HH Com 53

“That which does not kill me leaves me scarred” is the underlying premise of my narrative non-fiction, It Looked Good on Paper. In 45,000 words, I detail my rollercoaster life – from childhood klutz – to Silicon Valley startup CEO – to homeless shelter trash – to medical experiment survivor. I candidly relate the trials of coping with 15+ diagnosed chronic conditions and diseases, more than 20 major operations, uncounted hospitalizations, and, perhaps most tragically to some, an unfortunate allergy to alcohol that has deprived me of the blessed effects of gin.

Although the issues are deadly serious, their treatment is anything but! Humorous anecdotes illustrate survival skills I developed as alternatives to despair and suicide. Because these sketches are true, I modified most names and backgrounds. (Although my sister has begged, I still haven’t figured out how to disguise the family relationship.) Thus, I regretfully, but honestly, expose my shame, frustration, and anger as I recount the challenges of managing – and losing – careers, marriages, friends, money, and even such basics as a roof over my child’s head.

With a BA in BS and a Juris Doctor, I am uniquely qualified to analyze and explain the difficulties of the downwardly mobile. My manuscript details real-life experiences with medical professionals (“When it says magna cum perfect on the diploma, I’ll stop asking questions.”) and the situations that brought me their attention. I use laughter to provoke a willing suspension of disbelief that so much misfortune, tragedy and disaster can befall one person.

This isn't a hook, it's a query letter.

You're telling me it's funny without showing me much (other than the gin comment which of course is only funny here).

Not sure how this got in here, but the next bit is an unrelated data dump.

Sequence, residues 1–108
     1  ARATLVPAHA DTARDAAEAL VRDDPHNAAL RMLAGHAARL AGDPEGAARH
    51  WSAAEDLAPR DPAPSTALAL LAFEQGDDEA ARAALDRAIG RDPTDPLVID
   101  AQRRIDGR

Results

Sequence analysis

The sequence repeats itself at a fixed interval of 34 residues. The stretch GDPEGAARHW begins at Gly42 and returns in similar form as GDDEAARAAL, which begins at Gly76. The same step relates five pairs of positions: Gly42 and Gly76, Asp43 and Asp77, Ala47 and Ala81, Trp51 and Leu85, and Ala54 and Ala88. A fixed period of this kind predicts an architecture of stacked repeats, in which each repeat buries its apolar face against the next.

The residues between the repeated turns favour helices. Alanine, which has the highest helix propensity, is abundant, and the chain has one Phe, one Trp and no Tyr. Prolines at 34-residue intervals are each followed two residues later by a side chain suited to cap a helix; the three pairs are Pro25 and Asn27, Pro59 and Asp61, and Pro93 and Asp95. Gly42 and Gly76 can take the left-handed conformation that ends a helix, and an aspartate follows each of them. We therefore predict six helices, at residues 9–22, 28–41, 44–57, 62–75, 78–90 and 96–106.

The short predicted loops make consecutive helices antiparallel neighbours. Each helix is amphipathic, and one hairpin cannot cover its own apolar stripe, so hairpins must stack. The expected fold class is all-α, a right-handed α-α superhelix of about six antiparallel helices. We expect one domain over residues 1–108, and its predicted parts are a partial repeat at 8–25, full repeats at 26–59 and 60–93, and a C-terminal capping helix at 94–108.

This kind of "my life" narrative, particulary at 45,000 words is an almost impossible sell.


Sonarbabe said...

While I certainly agree that it sounds like a query letter, I must admit that this does sound somewhat interesting. I'm not a big fan of non-fiction at all, but if the author showed us some examples of how this could be viewed as humorous, I might pick it up and skim through to see if I want to spend $8 on it.

Anonymous said...

Maybe these topics aren't funny. Maybe you don't need a willing suspension of disbelief for a non-fiction book. Maybe I'm suspicious of writing as therapy. Maybe I missed the point somewhere inside the parentheses.

Anonymous said...

this is too wrong but, funny "With a BA in BS and a Juris Doctor."

Please look this up before you send this out. All wrong.

Writerious said...

This is memoir, right?

A few -- very few -- authors have pulled off spectacular success with memoir: David Sedaris, Frank McCourt, Christopher Reeve, among others. Memoir can be either fascinating or stultifying, and there's not a lot in between so far as I can tell. Reading memoir that has succeeded might help guide this work and the query and hook as well. I dunno, I'm not a memoir writer myself.

Anonymous said...

I don't know, I think I'd give this the benefit of a few pages.

Anonymous said...

I'm not saying this isn't a good idea for a book, but I read about the self-destructive behavior of people all the time in their blogs, and it's become common place. You'll have to delve into something quirky in the hook in order to get anyone's attention. Got any aces up your sleeve? Use them.

Anonymous said...

If the book's as funny as you claim it is, why isn't there any evidence of this in the hook?

Anonymous said...

I thought the whole hook was just BS - a joke which Ms Snark missed.